by Corey May, M.S., Bar Certified Paralegal
The turning point in 1990 was The Children’s Television Act (CTA). CARU Children’s Advertising Review Unit recommends that advertisements should not mislead children about the product, its performance or nutritional value. CARU has stated that the visual impression that children receive from the majority of advertising is as strong or stronger than the verbal message.
Studies report that another misconception is a misrepresentation of the people who eat the food almost always white children with the male dominate. Fat or obese children are rarely shown.
The Legal Breakfast Rule = An unofficial oath of cereal makers to state that every morning should be started with a nutritious breakfast.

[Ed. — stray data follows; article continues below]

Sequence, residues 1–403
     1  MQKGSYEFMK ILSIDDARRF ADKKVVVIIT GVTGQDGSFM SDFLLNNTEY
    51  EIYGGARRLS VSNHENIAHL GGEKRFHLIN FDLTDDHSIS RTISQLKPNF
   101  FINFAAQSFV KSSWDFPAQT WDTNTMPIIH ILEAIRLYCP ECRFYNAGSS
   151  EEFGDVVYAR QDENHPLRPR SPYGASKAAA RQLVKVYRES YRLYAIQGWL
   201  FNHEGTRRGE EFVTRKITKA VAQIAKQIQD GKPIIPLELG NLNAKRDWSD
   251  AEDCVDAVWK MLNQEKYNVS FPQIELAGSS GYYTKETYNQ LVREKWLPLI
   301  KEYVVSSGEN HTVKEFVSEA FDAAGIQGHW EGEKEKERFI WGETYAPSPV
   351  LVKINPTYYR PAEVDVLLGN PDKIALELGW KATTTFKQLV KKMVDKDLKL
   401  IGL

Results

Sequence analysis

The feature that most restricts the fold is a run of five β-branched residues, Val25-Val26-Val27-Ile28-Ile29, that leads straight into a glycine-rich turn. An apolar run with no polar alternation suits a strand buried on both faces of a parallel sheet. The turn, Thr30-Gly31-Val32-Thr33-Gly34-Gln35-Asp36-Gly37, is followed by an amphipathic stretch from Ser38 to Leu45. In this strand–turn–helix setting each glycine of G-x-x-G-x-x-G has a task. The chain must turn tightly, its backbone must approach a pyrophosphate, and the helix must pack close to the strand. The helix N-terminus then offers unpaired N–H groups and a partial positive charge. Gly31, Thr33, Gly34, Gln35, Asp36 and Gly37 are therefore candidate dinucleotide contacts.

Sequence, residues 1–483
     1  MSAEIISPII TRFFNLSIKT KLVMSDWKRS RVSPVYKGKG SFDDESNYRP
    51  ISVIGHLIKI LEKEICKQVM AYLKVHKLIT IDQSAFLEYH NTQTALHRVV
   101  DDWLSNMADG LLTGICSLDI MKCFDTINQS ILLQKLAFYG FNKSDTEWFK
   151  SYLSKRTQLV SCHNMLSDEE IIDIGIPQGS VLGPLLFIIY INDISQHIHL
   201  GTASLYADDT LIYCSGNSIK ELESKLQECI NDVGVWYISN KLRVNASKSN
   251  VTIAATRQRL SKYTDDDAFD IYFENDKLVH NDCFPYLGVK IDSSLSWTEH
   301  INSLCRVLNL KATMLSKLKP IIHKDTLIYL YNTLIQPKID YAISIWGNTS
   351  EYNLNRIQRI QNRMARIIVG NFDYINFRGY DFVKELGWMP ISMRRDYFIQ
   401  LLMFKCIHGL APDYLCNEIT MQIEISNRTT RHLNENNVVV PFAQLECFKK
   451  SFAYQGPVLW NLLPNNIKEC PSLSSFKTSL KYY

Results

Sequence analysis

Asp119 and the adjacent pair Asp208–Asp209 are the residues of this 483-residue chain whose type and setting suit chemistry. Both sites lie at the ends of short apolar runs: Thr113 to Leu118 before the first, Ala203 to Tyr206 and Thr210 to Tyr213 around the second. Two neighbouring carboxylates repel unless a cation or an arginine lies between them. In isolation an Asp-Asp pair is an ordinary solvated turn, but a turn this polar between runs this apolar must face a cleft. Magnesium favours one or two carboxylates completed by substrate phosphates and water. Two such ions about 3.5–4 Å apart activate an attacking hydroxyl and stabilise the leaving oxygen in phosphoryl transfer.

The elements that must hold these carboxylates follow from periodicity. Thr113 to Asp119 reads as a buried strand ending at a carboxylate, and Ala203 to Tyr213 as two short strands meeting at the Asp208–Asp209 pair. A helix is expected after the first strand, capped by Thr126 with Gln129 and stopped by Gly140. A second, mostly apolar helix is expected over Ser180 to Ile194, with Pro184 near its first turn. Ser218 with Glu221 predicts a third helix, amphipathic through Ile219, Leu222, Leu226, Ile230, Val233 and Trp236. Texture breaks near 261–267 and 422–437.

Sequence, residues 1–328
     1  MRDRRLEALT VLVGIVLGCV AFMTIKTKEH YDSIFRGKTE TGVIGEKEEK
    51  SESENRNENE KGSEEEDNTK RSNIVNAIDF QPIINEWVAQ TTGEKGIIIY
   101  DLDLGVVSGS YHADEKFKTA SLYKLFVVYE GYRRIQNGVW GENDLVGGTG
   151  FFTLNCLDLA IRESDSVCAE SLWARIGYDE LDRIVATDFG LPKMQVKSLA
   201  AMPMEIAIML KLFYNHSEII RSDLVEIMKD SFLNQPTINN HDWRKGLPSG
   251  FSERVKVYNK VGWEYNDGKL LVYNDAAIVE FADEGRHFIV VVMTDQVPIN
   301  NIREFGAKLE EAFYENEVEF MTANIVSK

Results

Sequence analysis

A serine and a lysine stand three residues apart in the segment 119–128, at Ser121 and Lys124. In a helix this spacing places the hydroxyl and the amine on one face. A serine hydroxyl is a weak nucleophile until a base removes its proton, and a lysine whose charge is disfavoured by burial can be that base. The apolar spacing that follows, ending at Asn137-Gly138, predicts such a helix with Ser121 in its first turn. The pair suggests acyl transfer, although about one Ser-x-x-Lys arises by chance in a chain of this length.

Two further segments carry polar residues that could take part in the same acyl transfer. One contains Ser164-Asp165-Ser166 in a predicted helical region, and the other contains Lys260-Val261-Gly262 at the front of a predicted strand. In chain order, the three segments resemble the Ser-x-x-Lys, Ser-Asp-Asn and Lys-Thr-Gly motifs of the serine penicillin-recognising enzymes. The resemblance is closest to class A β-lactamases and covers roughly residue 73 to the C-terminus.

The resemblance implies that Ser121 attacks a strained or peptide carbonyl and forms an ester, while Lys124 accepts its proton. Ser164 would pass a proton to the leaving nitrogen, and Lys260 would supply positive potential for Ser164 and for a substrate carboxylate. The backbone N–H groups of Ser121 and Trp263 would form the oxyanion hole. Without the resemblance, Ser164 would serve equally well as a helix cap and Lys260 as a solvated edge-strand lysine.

Using premiums to entice children is considered unfair.
CARU states that using extreme pressure is unfair in children’s advertising. Advertisers are banned from asking children to ask their parents to buy products seen on commercials.
How Can we make television shows and advertising a better product for kids?
Since we understand that television is a tool we need to enhance the tool to have educational meaning that is good and wholesome. Not every show kids has to be the same and the same format. The more variety in the television shows, the greater the networks have for new types of advertising=ing, new exposure of food products for children and the restoration of allowing children to become learning individuals with choices who are independent thinkers.
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